At his core, Professor Edward Wasil is a problem solver.
The Information Technology Department chair and popular professor uses sophisticated mathematical models to solve—as best anyone can—complex, real-world business problems.
For his many years of research excellence, Wasil was awarded the 2011 American University Faculty Award for Outstanding Scholarship.
For years, the paramount problem in Wasil's sights has been developing efficient routes for fleets of vehicles. His models help businesses develop on-the-ground solutions for delivering services and products more effectively.
There are a multitude of factors to consider when determining the most efficient routes and schedules, explained Wasil.
"You have to consider distance, delivery locations, traffic and roadwork, the capacity of each vehicle, the hours a driver can work, the times customers are available to accept deliveries," he said. "It's like peeling an onion. There are many layers to modeling this problem."
Wasil has modeled a wide range of vehicle routing problems, but he's always looking out for the next challenge in the field.
"Many models assume you only have one central depot. But what happens when you have more than one depot? Consider a company like UPS, delivering 16 million packages a day globally," he explained. "The challenge intensifies exponentially."
Recently, Wasil and his research partners shifted gears—applying their modeling skills to aid hospitals in planning to prevent the spread of infectious disease and to maximize patient scheduling.
In a project based at the University of Maryland's Medical Center in Baltimore, they created a model to streamline the flow of surgical patients from the operating room to a Post-Anesthesia Care Unit (PACU) and then into an Intensive Care Unit (ICU).
"The hospital had discovered that patients were getting stuck in the PACU, because beds were not available in the ICU. This backed up the surgical schedule," he said. "We created a mathematical solution that ultimately improved the flow of patients out of the PACU, which helps improve outcomes for patients following surgery, and also benefits those who need to get into surgery in a timely way."
Wasil has also helped to create models designed to prevent the spread of the bacterial infection MRSA, a major public health threat facing hospitals across the country. Hospital patients with weakened immune systems or wounds are more susceptible to infections caused by MRSA and, over time, the bacterium has become resistant to common antibiotics.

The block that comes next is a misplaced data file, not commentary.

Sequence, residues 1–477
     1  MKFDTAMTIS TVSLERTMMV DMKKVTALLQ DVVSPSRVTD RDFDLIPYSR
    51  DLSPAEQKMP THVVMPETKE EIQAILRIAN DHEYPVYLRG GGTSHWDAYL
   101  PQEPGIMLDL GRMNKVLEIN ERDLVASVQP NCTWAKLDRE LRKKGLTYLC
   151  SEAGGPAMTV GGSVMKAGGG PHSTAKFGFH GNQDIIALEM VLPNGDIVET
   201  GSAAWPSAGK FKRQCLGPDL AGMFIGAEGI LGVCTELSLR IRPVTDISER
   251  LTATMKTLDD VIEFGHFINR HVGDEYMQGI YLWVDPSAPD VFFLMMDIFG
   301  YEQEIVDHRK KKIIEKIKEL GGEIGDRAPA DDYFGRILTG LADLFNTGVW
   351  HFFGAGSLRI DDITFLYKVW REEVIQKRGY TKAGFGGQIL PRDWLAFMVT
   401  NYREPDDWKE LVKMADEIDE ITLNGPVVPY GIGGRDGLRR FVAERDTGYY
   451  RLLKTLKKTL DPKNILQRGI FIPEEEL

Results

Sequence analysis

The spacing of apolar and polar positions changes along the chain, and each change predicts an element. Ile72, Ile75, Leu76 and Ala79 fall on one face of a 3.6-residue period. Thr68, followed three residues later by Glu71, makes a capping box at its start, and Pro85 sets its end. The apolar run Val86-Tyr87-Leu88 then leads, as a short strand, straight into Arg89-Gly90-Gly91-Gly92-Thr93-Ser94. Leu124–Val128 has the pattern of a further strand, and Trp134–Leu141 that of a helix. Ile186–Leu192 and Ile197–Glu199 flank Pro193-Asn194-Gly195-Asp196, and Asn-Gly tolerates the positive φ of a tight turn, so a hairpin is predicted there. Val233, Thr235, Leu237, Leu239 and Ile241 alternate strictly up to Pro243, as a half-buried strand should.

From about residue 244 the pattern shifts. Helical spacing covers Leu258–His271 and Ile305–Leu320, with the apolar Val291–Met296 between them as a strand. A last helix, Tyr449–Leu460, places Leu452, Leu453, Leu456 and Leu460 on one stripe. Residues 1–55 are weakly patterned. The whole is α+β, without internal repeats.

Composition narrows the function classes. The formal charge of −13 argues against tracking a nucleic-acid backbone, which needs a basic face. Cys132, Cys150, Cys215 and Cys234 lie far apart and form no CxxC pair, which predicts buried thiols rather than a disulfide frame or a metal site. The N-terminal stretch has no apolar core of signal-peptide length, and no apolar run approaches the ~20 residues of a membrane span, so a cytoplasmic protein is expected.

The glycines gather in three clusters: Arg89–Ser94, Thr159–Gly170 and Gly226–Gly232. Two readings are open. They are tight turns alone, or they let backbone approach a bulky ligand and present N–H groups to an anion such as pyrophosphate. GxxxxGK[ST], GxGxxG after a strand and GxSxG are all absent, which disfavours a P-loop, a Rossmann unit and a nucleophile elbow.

To solve the problem of MRSA transmission, Wasil and his co-researchers created a model utilizing multiple strategies, including isolating patients with MRSA-related infections, increasing hand-washing and the use of hand sanitizers, and reducing the number of patients treated by each health care provider.
"With a problem like MRSA, you're considering human behavior, which is complex and unpredictable. Our simulation had to portray key individuals—doctors, nurses and patients—as accurately as possible, so that we could determine the right formula for reducing transmission," Wasil explained.
Currently, Wasil is working a new paper that examines MRSA infections and the flow of patients between hospitals and long-term care facilities. "We know MRSA is being spread by patients going back and forth from nursing care to hospital care," he explained. "We're looking at how to stop that from happening, to protect as many patients as we can. This is a problem that can be solved."
Even with this latest recognition, Wasil—who also won American University's Scholar/Teacher of the Year Award in 2006—has no plans to slow down.
"I'm part of an extremely productive faculty at Kogod," says Wasil. "I'm honored to be recognized this time around, and I expect we'll continue to see Kogod research highlighted in this way."